Abstract and Keywords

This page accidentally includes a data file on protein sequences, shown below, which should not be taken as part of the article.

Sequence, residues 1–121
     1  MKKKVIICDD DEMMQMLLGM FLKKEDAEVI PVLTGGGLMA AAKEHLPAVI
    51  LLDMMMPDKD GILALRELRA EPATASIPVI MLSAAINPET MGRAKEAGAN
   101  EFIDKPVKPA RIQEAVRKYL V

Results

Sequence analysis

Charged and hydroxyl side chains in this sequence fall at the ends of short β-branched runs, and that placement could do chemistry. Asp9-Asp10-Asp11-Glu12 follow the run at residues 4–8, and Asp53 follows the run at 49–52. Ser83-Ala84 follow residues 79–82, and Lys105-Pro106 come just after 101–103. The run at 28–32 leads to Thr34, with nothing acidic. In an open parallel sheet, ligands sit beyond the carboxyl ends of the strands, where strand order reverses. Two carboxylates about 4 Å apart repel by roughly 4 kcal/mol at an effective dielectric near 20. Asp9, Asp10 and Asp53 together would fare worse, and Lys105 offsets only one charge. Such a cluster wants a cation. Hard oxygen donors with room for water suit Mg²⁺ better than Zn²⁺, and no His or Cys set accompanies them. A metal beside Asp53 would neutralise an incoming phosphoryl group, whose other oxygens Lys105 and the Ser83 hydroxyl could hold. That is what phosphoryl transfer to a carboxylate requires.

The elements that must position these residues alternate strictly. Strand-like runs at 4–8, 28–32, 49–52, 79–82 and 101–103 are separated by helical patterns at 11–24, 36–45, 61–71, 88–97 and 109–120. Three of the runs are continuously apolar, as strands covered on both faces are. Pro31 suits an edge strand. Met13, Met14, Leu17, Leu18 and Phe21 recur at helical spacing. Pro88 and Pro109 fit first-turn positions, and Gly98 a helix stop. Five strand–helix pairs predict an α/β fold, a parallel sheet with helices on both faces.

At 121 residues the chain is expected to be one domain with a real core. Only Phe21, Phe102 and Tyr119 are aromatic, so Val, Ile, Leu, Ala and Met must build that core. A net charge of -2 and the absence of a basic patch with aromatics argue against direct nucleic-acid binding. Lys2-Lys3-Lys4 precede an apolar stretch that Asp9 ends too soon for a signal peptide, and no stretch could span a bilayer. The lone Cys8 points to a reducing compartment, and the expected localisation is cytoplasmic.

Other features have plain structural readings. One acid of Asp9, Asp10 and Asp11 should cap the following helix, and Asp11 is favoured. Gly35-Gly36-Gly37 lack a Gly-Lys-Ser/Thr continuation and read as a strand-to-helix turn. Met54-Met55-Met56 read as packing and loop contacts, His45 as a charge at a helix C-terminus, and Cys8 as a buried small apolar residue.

If Stalin was the supremely powerful dictator of popular renown, then why did he feel the need to persecute so many Soviet citizens? This chapter draws on recently released archives, including Stalin’s personal papers, to reassess not only the leader’s fears and ambitions but also the nature of the Stalinist order. Covering the period from Lenin’s death to 1953, it offers fresh perspectives on Stalin’s rise to power; on his ‘cult of personality’; on the concentration of political power in the hands of a narrow elite; and on the operations of the Soviet secret police and intelligence services. Presented with misleading intelligence, Stalin and other Soviet leaders persistently misinterpreted both internal and external challenges to their rule and to the revolution as a whole. Stalin’s drive to accumulate power and to smash resistance was intensified by a misperception of events.
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